Tuesday, 27 September 2016
Continuing a series of posts about NT Christology, Larry Hurtado recently posted about “Chronology and Ontology“. There, he makes this claim:
So, how can we say that “ontological” categories don’t appear to be operative in earliest Christological texts? Negatively, there is the absence of the sort of philosophical terms that make their appearance in subsequent Christian texts. Positively, the Christological statements that we do have in NT texts seem to me to express claims more of a relational and transactional nature. In various ways, Jesus is uniquely linked with God, and is conferred (by God) with a unique status and role in relation to God.
My thoughts immediately ran to Colossians 2.9, which he doesn’t mention in his post. However, after being questioned in the comments about Col 2.9 and Heb 1.4, he follows up with a comment:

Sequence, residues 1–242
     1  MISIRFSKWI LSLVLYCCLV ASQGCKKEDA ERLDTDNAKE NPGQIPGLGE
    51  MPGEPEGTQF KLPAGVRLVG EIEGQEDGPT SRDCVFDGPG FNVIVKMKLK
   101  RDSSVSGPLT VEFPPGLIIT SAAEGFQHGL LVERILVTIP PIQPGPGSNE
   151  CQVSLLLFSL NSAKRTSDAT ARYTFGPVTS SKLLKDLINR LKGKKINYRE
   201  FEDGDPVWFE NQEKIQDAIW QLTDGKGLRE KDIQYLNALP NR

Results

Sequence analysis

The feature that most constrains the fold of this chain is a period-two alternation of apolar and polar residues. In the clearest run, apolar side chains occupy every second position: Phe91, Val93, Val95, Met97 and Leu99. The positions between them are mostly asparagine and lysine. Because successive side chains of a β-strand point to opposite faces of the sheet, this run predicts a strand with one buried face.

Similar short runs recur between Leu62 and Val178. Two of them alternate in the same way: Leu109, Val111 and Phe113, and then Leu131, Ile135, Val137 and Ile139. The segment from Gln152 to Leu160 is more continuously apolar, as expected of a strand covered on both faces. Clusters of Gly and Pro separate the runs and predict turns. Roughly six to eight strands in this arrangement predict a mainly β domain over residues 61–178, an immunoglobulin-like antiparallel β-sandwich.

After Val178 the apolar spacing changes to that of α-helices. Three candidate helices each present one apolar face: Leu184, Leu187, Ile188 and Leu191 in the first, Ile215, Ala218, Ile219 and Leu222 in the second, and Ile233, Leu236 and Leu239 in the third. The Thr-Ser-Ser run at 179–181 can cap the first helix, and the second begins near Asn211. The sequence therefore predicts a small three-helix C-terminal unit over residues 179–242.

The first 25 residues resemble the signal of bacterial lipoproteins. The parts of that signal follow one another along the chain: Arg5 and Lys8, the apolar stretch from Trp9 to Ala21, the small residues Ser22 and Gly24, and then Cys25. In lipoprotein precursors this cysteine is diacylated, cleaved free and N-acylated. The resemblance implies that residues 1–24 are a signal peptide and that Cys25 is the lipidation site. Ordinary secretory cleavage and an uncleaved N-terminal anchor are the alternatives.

Sure, there are verbal links, but the sentences (and so the connotation of the terms) are different. And remember that sentences are the primary semantic unit, not “words”. So, e.g., in Col 2:9, Jesus is the one in whom “the fullness of deity dwells bodily,” which makes Jesus the vehicle of deity, which is a bit different from the later questions about whether the “Son” and God the Father share the same “essence.” And in Hebrews 1:3, the Son bears “the stamp” of God’s “being,” the term hypostasis used here in its more typical sense, whereas in the later Christological debates the term takes on a new/peculiar sense designating the particularity of the divinity of each of the three “persons” of the Trinity. Again, let’s respect the historical particularities of any text.